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Somebody Needs a Nap by Cheryl Hughes

Every day, around 2 pm, I feel exhausted.  It makes no difference what I’m doing or where I am, at 2 pm, I just want to sit or preferably lie down.  When I’m at work, I can’t lie down, and sometimes we’re so busy I can’t even sit down, but when I can, I take a coffee and pastry break.

The timing of my coffee and pastry break corresponds to afternoon tea (also called low tea) in England.  I attribute my daily ritual, which I’ve practiced for decades, to my British heritage.  According to one of those DNA test sites, I am 71% British.  Afternoon tea is in my genetic makeup, and everyone knows how difficult it is to change something that is programmed into your DNA.  I feel the need to defend this break, because I don’t live in England; I live in the United States of America—land of employees who often work straight through their lunch breaks.  God forbid, they should get an afternoon tea.  (For those of you who love isolated facts, high tea corresponds to our supper, and is looked down upon by the upper class, because that’s what the working class calls it.)

Besides England, there are people in other countries who take afternoon breaks.  Spain and Mexico have the siesta and Italy has the riposo.  According to sleep.org, these breaks traditionally happen during the hottest part of each day, and often last as long as two hours.  Workers go home to share a big meal with family and friends then sleep it off with a nap. In Greece, the Philippines, Costa Rica, Ecuador and Nigeria, “Naps are seamlessly woven into the tapestry of everyday life.”  On the down side, workers in those countries often work later into the evenings than their American counterparts.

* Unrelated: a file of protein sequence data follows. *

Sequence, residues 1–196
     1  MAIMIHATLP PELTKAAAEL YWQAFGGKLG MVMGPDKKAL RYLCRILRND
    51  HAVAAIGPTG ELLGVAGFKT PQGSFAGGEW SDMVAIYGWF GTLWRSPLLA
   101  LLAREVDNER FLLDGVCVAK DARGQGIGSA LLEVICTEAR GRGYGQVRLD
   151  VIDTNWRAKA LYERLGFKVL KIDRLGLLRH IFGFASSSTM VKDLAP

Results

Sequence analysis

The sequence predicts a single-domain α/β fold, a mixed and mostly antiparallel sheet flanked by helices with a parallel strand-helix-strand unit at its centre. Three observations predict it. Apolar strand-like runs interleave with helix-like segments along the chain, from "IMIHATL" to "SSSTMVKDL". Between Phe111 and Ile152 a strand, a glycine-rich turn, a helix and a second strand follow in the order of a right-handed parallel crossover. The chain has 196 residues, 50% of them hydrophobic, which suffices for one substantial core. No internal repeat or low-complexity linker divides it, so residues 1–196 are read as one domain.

If you happen to visit a European country that takes an afternoon break, it can be very frustrating.  I remember when visiting Italy, there was a particular museum I wanted to see, but it was closed during riposo.  I was with a group on a set schedule, and I was unable to come back when it was open again.

While reading about naps on the sleep.org site, I stumbled upon an unexpected factoid about Chinese office workers.  Evidently, after lunch, they put their heads on their desks and take an hour-long nap.  Now, wait a minute.  Aren’t these the people who are under communist rule?  The same people we’ve viewed as oppressed and overworked all these years?  Yes, it is these people.  They get an hour-long nap after lunch each working day, because it is considered their constitutional right.

We need an amendment.  Write your congressman.  

Some of the cutting edge tech companies are discovering the advantages of giving their employees rest time during work.  Google has become a nap-friendly place, because they believe a nap refreshes employees, as well as increases their productivity.

As much as I believe an afternoon nap should be a basic human right, I can rarely sleep if I lie down in the afternoon on a non-work day.  The list of what I should be up and doing chases my brain around in my head, so I usually just give it over and get up and at it.  I guess that’s the 29% of me that’s American—land of the free and home of the brave get-it-done-ers.

 
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